We come now to consider the question of the Mark-Q overlaps. This has obvious connections with the minor agreements, since as noted above, this was one of Streeters categories to explain some of these. This connection has been stressed more recently by E P Sanders in The Overlaps of Mark and Q and the Synoptic Problem.19 He makes the obvious comment that if there were really no agreement between Matthew and Luke against Mark, the statement that Matthew and Luke were composed independently of each other would gain enormously in probability.20 He continues, however, by asserting that once the true extent of such agreements is observed, it becomes difficult to insist that Matthew and Luke were independent of each other.21 This is true, but it is not a matter of insisting on the independence of Matthew and Luke in the face of weighty evidence to the contrary, but weighing all the evidence, including the minor agreements to see whether the 2DH can continue to bear the weight placed upon it. Nevertheless, Sanders is right to stress that the minor agreements are the biggest single embarrassment standing in the way of acceptance of the 2DH. He is right, further, to point out the dangers of resorting to a Mark-Q overlap as a convenient way of containing the problem.22 Streeter, as is well known, abandoned the notion that Mark knew and used Q, set forth in Oxford Studies in the Synoptic Problem (1911) by the time he came to write The Four Gospels (1924). Perhaps he, too, was aware that recourse to Q too readily could lead to the spectre of Mark and Q overlapping to such an extent that the distinction between the two sources becomes fatally blurred. In The Four Gospels he thus agreed that we have no right to call in the hypothesis of the influence of Q for this ulterior purpose, except in places where the existence of obviously different versions, or of doublets very distinctly defined, provides us with objective evidence of the presence of Q.23 Sanders questions whether this apparent safeguard is adequate and can be consistently applied. His conclusion is that the data is not [p.67] susceptible to such a neat solution. The following extended extract will give some indication of the nature of the difficulties:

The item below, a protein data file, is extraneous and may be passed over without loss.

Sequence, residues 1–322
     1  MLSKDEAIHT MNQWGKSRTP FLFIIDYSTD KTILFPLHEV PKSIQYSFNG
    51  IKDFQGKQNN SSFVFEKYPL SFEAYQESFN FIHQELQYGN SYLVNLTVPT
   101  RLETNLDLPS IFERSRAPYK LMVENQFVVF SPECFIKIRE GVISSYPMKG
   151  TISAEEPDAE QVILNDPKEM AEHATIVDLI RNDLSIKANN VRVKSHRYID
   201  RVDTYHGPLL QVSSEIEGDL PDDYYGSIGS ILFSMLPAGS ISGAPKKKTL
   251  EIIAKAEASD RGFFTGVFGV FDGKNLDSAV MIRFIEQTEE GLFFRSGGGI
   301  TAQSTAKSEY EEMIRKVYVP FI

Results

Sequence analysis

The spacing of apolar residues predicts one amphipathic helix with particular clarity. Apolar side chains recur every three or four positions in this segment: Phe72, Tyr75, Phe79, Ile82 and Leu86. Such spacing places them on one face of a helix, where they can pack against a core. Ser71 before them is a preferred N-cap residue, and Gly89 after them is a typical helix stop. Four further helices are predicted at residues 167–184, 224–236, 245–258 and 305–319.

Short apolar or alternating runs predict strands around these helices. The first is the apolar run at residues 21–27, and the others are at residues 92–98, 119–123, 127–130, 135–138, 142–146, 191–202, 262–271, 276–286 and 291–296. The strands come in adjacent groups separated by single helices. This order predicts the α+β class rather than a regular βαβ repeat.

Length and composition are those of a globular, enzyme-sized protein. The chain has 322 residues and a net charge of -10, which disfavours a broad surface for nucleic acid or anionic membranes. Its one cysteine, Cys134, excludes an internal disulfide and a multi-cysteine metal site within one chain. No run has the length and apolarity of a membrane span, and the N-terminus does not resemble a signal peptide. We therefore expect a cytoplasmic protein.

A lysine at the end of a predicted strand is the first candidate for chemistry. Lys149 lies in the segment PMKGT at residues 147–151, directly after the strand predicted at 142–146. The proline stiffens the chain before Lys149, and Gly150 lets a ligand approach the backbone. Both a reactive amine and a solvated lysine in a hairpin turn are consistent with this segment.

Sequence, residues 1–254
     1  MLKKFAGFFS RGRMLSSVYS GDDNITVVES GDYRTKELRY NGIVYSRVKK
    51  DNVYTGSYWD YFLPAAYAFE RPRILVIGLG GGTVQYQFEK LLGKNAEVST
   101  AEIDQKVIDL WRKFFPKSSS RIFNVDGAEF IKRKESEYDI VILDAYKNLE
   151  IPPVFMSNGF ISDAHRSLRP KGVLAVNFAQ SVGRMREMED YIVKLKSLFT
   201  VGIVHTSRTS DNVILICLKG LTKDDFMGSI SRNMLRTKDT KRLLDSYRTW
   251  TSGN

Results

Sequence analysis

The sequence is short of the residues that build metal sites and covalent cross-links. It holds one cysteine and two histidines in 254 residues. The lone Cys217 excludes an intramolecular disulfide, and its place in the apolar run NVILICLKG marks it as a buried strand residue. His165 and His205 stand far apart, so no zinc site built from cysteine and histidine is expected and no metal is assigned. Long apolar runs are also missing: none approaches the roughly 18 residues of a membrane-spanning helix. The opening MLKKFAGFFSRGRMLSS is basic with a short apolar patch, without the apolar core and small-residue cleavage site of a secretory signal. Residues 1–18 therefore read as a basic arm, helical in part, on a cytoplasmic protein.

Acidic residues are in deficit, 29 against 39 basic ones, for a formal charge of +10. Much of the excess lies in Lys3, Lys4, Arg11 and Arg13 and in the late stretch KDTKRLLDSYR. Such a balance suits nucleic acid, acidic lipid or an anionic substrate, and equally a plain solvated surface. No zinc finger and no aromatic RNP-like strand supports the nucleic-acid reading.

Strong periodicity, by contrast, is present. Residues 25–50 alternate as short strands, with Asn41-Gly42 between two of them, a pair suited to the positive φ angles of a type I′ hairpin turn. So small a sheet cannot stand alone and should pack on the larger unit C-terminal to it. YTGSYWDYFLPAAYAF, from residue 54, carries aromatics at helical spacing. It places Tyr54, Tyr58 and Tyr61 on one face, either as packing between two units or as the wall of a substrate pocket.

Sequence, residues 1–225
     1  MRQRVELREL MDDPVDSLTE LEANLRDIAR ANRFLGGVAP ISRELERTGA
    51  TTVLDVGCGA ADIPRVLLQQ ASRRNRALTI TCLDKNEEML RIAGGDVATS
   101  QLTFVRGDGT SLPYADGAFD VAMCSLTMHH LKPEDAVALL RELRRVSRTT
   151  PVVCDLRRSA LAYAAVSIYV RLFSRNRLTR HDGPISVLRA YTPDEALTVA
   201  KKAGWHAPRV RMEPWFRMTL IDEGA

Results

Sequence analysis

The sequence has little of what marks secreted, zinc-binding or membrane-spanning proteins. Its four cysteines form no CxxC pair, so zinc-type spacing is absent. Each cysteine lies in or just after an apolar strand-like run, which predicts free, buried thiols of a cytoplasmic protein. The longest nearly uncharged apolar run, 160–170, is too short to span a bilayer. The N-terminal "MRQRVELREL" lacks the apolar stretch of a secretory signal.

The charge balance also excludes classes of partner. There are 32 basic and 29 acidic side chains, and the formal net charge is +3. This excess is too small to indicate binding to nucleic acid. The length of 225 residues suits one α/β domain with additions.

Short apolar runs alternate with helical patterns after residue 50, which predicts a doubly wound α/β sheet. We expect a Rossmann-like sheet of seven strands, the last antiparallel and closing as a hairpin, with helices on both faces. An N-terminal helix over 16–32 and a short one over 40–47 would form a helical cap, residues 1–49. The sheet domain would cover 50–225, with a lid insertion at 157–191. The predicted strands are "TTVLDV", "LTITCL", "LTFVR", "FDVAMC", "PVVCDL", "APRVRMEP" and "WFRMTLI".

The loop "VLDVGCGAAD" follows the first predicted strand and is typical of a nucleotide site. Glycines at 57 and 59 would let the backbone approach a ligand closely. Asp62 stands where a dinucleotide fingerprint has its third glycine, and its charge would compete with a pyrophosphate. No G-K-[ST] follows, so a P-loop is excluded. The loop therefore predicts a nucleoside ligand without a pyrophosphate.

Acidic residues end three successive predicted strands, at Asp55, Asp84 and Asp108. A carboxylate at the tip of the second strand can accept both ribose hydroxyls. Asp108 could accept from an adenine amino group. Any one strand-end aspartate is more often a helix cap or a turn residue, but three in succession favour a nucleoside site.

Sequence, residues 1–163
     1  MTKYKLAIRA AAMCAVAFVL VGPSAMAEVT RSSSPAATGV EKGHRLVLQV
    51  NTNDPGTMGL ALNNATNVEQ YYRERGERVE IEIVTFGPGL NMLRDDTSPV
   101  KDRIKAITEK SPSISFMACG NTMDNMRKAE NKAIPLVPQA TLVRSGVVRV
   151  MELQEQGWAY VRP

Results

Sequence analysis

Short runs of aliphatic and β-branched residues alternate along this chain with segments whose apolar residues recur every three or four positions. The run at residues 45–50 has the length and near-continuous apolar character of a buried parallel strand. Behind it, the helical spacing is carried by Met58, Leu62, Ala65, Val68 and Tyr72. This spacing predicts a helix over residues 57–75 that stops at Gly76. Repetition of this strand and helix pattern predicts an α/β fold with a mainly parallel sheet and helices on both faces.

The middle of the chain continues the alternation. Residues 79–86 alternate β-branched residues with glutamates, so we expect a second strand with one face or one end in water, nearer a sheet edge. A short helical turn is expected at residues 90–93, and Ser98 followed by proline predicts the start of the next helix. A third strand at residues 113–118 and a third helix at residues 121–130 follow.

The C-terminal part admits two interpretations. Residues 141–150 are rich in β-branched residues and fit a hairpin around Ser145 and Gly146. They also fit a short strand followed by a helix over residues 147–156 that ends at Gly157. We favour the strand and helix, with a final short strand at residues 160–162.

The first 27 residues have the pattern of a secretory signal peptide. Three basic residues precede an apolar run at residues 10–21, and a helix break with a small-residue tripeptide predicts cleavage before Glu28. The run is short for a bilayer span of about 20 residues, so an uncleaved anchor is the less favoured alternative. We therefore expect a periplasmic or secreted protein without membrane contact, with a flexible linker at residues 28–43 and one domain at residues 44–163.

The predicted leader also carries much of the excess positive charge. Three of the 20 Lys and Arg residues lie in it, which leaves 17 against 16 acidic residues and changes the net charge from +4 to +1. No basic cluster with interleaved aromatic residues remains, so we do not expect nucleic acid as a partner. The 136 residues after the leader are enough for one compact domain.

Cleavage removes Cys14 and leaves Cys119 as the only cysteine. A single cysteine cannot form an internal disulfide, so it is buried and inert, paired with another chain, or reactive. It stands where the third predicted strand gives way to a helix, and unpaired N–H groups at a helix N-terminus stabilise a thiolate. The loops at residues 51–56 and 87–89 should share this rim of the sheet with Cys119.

When all the overlaps are added together, one finds that a great deal of Mark overlaps with some other source also known by one or the other or both of the supposedly later Evangelists. There are instances in which Matthew differs widely from Mark, which Streeter does not list as overlaps at all, such as Matthew XV. 29-31 = Mark VII 31-7. Why does this not qualify? Further, why is the theory of different sources not used to explain the